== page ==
GCSE and A-level pupils could sit mini exams to aid grading

GCSE and A-level pupils could sit mini exams to aid grading

A-level, AS and GCSE students in England could be asked to sit mini external exams to help teachers with their assessments after formal exams were cancelled last week.

In a letter to the exams regulator, Ofqual, Education Secretary Gavin Williamson said this would help teachers to decide “deserved grades”.

He promised not to use an algorithm which led to controversy last summer.

Head teachers said the “devil was in the detail” for these plans.

The letter was published on Wednesday morning, as Mr Williamson appeared before the Education Select Committee.

In the letter to Ofqual he said: “A breadth of evidence should inform teachers’ judgments, and the provision of training and guidance will support teachers to reach their assessment of a student’s deserved grade.

“In addition, I would like to explore the possibility of providing externally set tasks or papers, in order that teachers can draw on this resource to support their assessments of students.”

Mr Williamson’s pledge not to use an algorithm to determine grades comes after thousands of A-level students had their results downgraded from school estimates last summer – before Ofqual announced a U-turn allowing them to use teachers’ predictions.

“We have agreed that we will not use an algorithm to set or automatically standardise anyone’s grade,” the letter says.

“Schools and colleges should undertake quality assurance of their teachers’ assessments and provide reassurance to the exam boards. We should provide training and guidance to support that, and there should also be external checks in place to support fairness and consistency between different institutions and to avoid schools and colleges proposing anomalous grades.”

But he added: “Changes should only be made if those grades cannot be justified, rather than as a result of marginal differences of opinion.

“Any changes should be based on human decisions, not by an automatic process or algorithm.”

A consultation on plans for this year is being launched later this week.

Geoff Barton, head of the Association of School and College Leaders, said the letter set out “broad and sensible parameters for assessing GCSEs and A-levels following the cancellation of exams”.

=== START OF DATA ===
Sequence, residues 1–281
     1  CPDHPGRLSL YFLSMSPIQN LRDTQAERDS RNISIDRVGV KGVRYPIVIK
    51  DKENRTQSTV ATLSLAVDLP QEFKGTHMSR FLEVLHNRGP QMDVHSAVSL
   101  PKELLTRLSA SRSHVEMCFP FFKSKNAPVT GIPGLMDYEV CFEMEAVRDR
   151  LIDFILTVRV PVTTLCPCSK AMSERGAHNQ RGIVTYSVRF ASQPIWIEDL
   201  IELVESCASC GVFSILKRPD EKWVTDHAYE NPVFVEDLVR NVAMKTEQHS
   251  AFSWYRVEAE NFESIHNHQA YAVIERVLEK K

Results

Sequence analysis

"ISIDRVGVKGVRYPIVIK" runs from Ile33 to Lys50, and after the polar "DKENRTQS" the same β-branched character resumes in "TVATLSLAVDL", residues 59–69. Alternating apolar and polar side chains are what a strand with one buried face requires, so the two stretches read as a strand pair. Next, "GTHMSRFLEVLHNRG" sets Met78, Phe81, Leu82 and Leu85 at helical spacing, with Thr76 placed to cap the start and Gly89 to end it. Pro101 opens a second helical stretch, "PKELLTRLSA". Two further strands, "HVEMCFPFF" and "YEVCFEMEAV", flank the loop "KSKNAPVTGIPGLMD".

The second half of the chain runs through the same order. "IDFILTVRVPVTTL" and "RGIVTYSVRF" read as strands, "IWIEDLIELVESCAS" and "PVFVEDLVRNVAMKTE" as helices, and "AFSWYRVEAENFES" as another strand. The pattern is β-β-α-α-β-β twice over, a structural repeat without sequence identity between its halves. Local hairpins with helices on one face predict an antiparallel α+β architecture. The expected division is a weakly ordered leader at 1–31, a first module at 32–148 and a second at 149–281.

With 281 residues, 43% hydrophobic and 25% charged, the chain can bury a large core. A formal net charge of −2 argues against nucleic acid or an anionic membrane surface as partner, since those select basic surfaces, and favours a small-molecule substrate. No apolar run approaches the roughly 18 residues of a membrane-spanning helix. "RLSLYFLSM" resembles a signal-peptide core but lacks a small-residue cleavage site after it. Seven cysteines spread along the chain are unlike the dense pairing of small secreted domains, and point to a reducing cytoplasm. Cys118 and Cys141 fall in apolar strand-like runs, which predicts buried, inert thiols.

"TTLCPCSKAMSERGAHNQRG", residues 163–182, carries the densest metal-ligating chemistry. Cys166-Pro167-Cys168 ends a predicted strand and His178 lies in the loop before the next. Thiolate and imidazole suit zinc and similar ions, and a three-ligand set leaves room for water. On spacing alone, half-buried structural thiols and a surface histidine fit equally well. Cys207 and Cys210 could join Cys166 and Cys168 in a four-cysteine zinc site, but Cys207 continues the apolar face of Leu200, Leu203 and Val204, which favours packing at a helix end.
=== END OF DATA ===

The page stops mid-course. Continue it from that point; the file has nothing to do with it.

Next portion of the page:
“But, as ever, the devil will be in the detail of how this is turned into reality,” Mr Barton said.

“We are relieved to see confirmation that no algorithm will be applied this year following last summer’s grading debacle.”

“One of the key issues, however, will be precisely how any system of externally set assessment would work and how this can be done in a way that ensures fairness for students who have been heavily disrupted by the pandemic.

“It is vital that the final plans not only provide fairness and consistency but that they are also workable for schools, colleges and teaching staff who will have to put them into practice.”

Taking questions from MPs on the education select committee, Mr Williamson said he wanted to see schools re-opening at the earliest opportunity and that he would “never apologise for being the biggest champion for keeping schools open”.

He said attendance rates of vulnerable and key worker pupils in schools since the start of term were higher than in the first lockdown.

And he defended the Department for Education’s decision to order Greenwich Council to keep its schools open in the last week of the autumn term, saying that their Covid case numbers were far lower than many areas of the north of England and the Midlands, where schools had stayed open.

“It would have been remiss of us and wrong of us,” Mr Williamson said to allow Greenwich to close in these circumstances.

“At that stage none of us were aware of the new variant and the implication that would have for case rates.” he added.

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